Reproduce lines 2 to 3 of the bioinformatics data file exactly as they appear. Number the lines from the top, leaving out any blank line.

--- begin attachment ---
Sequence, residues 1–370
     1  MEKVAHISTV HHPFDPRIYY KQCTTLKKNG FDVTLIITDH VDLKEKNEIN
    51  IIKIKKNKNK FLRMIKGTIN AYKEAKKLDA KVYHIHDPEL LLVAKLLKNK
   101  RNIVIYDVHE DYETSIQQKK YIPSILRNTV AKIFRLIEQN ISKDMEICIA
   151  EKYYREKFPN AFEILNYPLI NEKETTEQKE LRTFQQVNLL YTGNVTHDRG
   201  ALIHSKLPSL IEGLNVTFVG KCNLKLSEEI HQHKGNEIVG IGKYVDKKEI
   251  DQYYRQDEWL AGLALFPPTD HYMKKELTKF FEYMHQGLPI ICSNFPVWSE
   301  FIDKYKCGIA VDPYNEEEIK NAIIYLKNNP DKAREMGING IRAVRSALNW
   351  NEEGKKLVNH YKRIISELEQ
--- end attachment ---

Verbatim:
     1  MEKVAHISTV HHPFDPRIYY KQCTTLKKNG FDVTLIITDH VDLKEKNEIN
    51  IIKIKKNKNK FLRMIKGTIN AYKEAKKLDA KVYHIHDPEL LLVAKLLKNK